Top News this Week (4 June)


Rounding up top investing articles from around the web, including articles shared on Twitter.

Temasek cuts compensation of senior team, takes ‘collective accountability’ over failed FTX investment (Straits Times)

While Temasek held a 1.5 per cent stake in FTX, it was one of the exchange’s largest external investors. Other big-name investors included Sequoia Capital and Canada’s Ontario Teachers’ Pension Plan. Temasek did not have a board seat. 

Mr Lim acknowledged that the investment firm was disappointed with the outcome of the investment and the negative impact on its reputation. While there was no misconduct on the part of the investment team, the investment team and senior management took collective accountability.

No details were given on the quantum of the cut. The Straits Times understands that the compensation reduction was a one-off as the FTX investment was an exceptional one that had a negative impact on Temasek’s reputation. This reduction has already taken place. 

Temasek caps exposure to early-stage companies at 6% (Straits Times)

Temasek caps the exposure to early-stage companies at 6 per cent of its total portfolio, which stood at $403 billion as at March 31, 2022. With an estimated $24 billion pot available, these stakes can serve an important function for the Singapore investment firm.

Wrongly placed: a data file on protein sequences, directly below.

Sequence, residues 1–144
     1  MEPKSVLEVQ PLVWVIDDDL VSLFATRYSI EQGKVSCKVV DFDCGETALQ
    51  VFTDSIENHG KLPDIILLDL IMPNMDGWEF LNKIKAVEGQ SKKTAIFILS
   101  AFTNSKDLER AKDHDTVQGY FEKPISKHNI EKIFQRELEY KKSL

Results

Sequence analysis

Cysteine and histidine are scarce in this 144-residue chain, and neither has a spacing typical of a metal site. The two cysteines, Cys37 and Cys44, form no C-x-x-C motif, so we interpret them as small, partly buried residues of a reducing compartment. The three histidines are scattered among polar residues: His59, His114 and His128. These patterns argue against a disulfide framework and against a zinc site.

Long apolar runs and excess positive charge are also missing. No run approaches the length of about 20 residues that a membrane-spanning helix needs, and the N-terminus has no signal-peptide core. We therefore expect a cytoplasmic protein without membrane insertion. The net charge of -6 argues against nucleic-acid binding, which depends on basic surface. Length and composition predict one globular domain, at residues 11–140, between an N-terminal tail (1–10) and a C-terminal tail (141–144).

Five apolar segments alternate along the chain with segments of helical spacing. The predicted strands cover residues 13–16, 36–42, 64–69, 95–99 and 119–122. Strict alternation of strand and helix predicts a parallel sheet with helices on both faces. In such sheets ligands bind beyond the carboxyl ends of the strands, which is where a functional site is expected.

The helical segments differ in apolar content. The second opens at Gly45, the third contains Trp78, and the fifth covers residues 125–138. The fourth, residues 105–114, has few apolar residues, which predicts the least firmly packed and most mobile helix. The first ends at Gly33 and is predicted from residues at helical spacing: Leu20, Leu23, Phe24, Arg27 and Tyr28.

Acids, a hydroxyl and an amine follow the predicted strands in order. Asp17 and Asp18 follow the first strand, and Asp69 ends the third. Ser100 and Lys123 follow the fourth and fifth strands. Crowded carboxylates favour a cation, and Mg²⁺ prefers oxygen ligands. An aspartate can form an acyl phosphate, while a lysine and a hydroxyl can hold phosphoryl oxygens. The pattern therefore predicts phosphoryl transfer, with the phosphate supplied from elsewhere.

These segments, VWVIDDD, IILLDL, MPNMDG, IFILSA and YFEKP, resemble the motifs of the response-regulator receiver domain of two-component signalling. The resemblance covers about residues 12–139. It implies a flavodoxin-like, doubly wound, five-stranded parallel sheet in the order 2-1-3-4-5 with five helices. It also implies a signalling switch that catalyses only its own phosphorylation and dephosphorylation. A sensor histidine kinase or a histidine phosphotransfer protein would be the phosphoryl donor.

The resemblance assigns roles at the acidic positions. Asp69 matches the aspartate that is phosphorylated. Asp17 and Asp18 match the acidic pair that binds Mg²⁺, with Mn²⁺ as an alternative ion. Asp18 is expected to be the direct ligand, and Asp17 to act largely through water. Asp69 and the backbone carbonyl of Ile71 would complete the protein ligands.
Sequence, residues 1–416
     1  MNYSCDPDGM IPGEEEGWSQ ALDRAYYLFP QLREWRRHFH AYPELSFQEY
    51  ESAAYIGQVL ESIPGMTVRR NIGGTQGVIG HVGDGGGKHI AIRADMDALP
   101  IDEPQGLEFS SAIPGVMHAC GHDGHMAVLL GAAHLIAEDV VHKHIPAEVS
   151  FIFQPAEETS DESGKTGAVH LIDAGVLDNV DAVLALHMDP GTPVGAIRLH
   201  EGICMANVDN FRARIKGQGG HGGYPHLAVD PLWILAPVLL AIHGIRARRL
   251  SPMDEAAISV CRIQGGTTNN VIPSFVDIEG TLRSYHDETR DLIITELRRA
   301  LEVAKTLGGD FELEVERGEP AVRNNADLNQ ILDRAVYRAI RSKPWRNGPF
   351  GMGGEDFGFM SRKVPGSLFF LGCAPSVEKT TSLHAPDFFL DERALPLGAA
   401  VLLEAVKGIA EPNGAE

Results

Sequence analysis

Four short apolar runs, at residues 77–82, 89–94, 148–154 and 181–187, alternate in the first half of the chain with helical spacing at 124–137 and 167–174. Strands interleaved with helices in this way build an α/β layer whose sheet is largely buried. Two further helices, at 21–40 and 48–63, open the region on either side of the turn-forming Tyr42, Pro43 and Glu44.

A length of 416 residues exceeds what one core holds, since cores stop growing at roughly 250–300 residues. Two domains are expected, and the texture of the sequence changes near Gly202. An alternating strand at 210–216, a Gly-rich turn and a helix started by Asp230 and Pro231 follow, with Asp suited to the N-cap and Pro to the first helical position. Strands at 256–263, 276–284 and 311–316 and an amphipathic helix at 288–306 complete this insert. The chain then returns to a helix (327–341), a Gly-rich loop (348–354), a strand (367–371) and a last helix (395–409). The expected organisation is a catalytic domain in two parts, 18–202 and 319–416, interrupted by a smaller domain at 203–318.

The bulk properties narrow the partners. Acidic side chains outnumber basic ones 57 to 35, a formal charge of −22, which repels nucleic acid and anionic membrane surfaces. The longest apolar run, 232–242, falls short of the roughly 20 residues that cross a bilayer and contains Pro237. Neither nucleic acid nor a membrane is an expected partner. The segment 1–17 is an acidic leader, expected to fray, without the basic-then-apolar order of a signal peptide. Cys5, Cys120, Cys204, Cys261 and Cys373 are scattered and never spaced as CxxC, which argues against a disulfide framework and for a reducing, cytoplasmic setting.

One way of managing the higher risk of investing in early-stage companies is to keep the total exposure at 6 per cent. The actual figure currently is slightly lower, Temasek said. 

Another way of managing the risk is through diversification. About half of the figure is held in direct investments spread over 200 companies, including FTX. Slightly less than half is held in venture capital funds.

Temasek said that investment decisions are made from a bottom-up perspective, assessing individual opportunities against its risk-adjusted cost of capital. It does not allocate funds to specific geographies or sectors. 

Temasek also maintains a disciplined divestment plan as, unlike pension funds that get regular inflows from its members, it needs to generate capital to invest, through divestments, dividends from its portfolio or distributions from funds.